Posted on June 03, 2010
I'd like to say a few words on a matter that there seems to be some confusion about. One of the more common questions I receive is "How should you store coffee?", or "Do you recommend freezing coffee?". The quick answer is yes, if you aren't going to consume the coffee within 2 weeks you should freeze it.
Given that the last post on our website was satirical in nature (see "Expresso Is King"), I'd like to clarify that this post is a serious one. Freezing coffee is a hotly debated subject in specialty coffee circles. A lot of people cringe at the idea of keeping coffee around for longer than a few weeks after roasting and I think because of this freezing is looked down upon.
What there isn't any debate about is the fact that coffee is a very perishable product. Virtually any coffee professional you could ask would agree that the ideal shelf life of roasted coffee at room temperature is a matter of weeks, if not days. At room temperature, I would suggest a 14-day window for espressos and a 21-day window for drip coffees. Bare in mind that these are guidelines, not rules. The older a coffee gets, the less flavor it has. That why freshness is key to enjoying the full potential of your coffee.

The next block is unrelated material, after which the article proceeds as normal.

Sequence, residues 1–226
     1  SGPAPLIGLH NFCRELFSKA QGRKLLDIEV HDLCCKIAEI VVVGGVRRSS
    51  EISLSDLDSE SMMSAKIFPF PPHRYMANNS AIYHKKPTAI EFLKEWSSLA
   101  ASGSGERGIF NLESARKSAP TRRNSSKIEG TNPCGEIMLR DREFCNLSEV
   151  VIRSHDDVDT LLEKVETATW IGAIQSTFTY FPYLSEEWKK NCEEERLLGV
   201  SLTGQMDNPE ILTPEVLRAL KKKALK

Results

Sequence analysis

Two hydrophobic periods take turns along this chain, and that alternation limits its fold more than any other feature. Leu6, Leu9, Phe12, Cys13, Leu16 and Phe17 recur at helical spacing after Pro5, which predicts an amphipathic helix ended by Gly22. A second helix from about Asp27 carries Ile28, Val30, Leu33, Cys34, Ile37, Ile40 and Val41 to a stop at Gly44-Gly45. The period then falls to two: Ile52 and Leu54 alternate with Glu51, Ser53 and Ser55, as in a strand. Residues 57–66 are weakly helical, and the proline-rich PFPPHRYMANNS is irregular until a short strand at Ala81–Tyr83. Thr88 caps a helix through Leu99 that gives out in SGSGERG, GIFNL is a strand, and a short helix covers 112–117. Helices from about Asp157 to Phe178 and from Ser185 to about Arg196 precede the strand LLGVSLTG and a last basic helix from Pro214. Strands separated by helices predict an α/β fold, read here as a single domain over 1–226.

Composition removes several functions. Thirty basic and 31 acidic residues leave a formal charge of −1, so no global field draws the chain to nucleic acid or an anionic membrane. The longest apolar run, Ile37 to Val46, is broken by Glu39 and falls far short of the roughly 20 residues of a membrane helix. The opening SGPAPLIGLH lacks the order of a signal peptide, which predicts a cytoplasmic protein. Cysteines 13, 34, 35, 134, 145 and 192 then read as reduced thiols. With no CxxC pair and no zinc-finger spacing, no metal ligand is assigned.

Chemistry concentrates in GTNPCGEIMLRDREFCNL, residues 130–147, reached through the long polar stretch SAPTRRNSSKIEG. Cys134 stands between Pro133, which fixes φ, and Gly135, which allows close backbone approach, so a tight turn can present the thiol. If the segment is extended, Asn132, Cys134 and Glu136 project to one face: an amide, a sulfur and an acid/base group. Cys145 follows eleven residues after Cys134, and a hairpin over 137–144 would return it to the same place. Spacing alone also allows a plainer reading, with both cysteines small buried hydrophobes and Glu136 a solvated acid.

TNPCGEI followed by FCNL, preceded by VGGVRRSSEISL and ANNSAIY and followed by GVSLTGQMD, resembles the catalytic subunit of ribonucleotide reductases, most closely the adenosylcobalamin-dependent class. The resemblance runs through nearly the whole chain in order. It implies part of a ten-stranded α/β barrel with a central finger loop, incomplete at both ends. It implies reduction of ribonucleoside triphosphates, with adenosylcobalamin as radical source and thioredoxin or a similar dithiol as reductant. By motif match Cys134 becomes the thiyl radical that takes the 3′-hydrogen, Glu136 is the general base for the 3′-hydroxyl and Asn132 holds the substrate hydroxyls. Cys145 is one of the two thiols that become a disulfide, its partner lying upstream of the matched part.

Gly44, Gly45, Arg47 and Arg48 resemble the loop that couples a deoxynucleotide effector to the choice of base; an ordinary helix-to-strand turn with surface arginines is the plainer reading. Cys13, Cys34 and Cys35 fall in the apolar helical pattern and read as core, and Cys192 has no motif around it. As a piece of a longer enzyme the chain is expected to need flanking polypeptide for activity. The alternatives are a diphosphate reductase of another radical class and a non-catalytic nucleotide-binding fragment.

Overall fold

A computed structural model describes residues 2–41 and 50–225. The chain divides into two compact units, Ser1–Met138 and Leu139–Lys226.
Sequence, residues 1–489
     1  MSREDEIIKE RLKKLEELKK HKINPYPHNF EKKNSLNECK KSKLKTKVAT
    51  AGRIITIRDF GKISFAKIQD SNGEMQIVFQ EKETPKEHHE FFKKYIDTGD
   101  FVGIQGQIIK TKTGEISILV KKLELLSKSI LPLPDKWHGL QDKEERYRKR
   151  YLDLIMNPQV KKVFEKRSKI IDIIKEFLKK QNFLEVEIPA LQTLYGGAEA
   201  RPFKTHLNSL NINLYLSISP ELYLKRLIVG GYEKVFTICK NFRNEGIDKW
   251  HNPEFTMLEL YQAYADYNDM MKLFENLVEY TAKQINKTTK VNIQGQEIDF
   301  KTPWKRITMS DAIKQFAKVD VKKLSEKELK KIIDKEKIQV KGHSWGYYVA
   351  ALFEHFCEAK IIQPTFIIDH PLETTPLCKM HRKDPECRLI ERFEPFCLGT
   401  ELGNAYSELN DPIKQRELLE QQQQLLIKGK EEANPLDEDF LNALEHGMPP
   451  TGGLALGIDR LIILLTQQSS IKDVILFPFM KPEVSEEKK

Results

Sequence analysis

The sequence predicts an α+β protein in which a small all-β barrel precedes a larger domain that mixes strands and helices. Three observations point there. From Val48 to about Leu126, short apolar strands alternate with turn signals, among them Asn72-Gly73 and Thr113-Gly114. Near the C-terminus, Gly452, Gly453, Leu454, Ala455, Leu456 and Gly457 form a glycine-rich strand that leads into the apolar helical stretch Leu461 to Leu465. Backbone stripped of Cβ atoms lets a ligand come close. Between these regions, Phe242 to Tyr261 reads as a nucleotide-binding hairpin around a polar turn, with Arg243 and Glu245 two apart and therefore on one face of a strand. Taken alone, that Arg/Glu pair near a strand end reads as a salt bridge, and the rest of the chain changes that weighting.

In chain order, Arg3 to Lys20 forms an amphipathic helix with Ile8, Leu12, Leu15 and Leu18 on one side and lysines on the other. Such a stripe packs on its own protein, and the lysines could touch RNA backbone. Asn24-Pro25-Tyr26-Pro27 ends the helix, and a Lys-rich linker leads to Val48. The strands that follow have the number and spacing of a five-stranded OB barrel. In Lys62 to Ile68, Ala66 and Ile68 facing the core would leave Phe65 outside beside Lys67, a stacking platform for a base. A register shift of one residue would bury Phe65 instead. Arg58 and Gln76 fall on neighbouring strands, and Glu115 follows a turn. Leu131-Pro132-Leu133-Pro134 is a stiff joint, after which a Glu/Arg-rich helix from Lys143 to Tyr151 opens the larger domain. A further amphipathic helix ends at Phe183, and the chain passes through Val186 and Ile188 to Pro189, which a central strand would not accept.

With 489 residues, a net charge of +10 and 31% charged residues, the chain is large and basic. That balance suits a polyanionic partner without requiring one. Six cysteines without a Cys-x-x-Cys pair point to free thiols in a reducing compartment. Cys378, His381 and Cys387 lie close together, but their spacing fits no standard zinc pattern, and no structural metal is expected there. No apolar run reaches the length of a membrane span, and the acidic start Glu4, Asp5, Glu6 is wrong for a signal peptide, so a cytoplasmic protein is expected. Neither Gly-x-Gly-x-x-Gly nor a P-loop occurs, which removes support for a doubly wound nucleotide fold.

Coffee "staling" is a result of both chemical and physical processes. Over time, oxidation takes place which changes the many chemical compounds found in coffee that contribute to flavor. There are also physical processes taking place, such as CO2 "degassing". Probably just as important, coffee can absorb bad flavors from its environment.
There is a simple fact of chemistry that should be the end-all of this to-freeze-or-not-to-freeze debate. Chemical changes (reactions) slow down as temperature is decreased. There are a multitude of chemical changes taking place as coffee stales, and each happens at its own rate. But the lower the temperature, the slower these changes will take place.
There is still a right way and a wrong way to freeze coffee. If you don't freeze it right, you risk degrading the coffee even faster than simply storing it at room temperature. The real bad guy is condensation. Unfortunately, freezing introducing the opportunity for condensation to happen. Also, if your freezer has any odor at all, the coffee may absorb that. So give your freezer a good sniff before attempting this.
The key point here is don't take the coffee in-and-out of the freezer, because that will create condensation on the coffee beans which is very destructive.